One hundred and fifty years ago, buildings throughout Arkansas communities were doubling as hospitals throughout the state. According to a January 1864 newspaper article published in Fort Smith, “The General Hospital at this Post consists of six buildings, viz: The St. Charles Hotel, Sutton Mansion, Rector Mansion, Prison, Small Pox, and Colored Wards, containing 240 patients. The Hospital is under charge of Dr. J. E. Bennett, A. A. Surgeon, U.S.A., and three assistants, viz: Drs. J. S. C. Rowland, J. L. Prentiss, A. A. Surgeons, U.S.A., and A. D. Tenney, Assistant Surgeon, 1st Colored Kansas Volunteers.”
Among the various diseases treated in the make-shift medical facilities were pneumonia and small pox. According to the same article, “There are also in Hospital some 40 cases of vaccination with syphilitic virus.” This venereal disease was common, especially among Yankee troops who often would have “relations” with the contraband women as well as women in their respective locales. “This unfortunate and detestable disease has spread among soldiers and citizens to the extent of between five and six hundred cases, presenting all the symptoms of true syphilis.”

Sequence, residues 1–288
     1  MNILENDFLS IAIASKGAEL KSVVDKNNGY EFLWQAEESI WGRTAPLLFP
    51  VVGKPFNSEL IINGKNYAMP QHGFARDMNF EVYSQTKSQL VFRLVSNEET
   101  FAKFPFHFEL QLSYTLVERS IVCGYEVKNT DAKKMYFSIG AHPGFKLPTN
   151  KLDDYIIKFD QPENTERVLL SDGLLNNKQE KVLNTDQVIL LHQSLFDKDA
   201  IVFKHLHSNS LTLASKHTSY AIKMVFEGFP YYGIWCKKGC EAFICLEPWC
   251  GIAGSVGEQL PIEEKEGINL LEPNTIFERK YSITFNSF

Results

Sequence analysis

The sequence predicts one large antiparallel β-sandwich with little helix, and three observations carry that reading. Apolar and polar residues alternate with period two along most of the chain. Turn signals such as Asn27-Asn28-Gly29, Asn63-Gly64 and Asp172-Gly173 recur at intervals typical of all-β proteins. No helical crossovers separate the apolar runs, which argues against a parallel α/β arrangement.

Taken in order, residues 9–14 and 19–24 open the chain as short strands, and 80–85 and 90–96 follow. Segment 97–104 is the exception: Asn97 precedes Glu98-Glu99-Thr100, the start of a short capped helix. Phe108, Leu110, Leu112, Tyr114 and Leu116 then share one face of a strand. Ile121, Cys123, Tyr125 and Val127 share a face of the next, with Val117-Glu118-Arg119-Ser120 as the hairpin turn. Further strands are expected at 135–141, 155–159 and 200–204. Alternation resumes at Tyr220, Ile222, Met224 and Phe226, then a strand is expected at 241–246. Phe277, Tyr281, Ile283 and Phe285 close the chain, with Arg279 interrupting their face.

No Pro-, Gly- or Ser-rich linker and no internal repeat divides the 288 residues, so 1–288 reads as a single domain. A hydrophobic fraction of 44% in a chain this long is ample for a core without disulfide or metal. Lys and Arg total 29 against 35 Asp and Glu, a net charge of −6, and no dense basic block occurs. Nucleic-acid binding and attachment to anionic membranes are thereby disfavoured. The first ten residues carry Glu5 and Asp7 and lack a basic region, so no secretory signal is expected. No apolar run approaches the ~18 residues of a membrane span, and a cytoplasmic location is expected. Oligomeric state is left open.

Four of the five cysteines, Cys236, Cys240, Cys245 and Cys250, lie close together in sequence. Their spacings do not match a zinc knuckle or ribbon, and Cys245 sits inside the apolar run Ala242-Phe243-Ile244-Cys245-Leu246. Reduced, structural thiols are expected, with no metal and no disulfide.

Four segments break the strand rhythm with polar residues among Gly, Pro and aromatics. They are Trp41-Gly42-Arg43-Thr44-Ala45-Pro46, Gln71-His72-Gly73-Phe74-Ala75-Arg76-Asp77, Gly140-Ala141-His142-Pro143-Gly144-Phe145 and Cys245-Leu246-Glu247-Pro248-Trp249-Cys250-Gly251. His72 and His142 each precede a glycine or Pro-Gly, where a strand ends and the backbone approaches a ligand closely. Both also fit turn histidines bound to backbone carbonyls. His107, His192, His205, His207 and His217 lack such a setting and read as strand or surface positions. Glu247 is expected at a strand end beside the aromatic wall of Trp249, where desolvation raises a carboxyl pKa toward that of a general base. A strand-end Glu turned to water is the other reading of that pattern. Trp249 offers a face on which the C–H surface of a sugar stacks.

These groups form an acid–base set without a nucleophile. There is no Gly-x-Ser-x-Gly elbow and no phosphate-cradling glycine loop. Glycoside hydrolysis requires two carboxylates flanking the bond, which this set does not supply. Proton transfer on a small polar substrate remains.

Regarding the extreme number of medical cases treated in Fort Smith in December 1863, “263 patients were admitted, 17 died, 3 deserted, and 77 were returned to duty. Whole number treated, 309; of these 64 were cases of Pneumonia, 34 Small Pox, and 39 spurious vaccination. Two thighs were amputated, 1 tumor removed from posterior part of thigh, weighing 7 ounces, and 1 removal of left testis for sarcoma.”
Military actions that occurred in Arkansas one hundred and fifty years ago include a skirmish at Caddo Gap on January 26; a skirmish in Dallas County on the 28th; an expedition from Batesville to Searcy Landing from January 30-February 3, and a skirmish at Waldron on February 1, 1864.